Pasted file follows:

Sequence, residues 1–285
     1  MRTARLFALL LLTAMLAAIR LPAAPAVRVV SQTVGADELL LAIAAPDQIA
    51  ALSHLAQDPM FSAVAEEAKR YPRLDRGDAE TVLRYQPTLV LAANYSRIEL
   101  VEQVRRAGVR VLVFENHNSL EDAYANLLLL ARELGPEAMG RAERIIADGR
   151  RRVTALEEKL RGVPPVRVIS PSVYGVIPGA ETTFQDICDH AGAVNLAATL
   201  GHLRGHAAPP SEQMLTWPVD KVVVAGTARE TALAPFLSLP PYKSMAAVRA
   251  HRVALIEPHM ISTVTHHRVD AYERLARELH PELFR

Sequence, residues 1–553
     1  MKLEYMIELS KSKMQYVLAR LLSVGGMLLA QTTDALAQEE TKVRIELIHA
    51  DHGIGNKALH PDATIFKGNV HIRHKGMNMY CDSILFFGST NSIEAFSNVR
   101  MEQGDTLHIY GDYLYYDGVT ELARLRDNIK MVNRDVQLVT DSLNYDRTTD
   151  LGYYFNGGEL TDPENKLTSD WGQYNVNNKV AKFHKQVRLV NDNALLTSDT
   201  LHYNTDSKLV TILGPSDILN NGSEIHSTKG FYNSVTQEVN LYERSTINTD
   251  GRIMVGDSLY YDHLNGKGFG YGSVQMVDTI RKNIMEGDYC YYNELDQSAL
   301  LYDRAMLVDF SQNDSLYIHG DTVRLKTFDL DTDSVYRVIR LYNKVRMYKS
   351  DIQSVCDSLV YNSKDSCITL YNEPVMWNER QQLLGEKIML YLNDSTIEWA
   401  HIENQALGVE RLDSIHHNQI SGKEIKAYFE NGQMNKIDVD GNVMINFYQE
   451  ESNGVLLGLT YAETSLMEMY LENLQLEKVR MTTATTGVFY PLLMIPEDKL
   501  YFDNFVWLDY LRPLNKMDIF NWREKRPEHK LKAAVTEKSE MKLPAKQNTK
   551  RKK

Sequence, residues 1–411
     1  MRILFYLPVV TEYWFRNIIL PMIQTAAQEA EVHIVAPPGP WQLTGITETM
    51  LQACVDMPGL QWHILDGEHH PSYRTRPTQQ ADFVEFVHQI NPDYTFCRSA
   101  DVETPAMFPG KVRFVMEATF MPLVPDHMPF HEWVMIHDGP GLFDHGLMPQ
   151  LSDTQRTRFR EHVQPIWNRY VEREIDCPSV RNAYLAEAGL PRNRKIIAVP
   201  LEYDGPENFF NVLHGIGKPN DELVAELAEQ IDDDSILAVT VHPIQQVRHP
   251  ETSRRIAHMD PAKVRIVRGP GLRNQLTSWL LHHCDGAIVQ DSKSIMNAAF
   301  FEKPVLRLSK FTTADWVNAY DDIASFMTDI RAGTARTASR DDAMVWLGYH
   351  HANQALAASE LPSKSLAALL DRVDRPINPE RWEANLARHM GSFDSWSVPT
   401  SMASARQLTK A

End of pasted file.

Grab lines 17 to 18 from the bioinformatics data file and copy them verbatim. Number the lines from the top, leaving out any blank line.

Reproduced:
   401  HIENQALGVE RLDSIHHNQI SGKEIKAYFE NGQMNKIDVD GNVMINFYQE
   451  ESNGVLLGLT YAETSLMEMY LENLQLEKVR MTTATTGVFY PLLMIPEDKL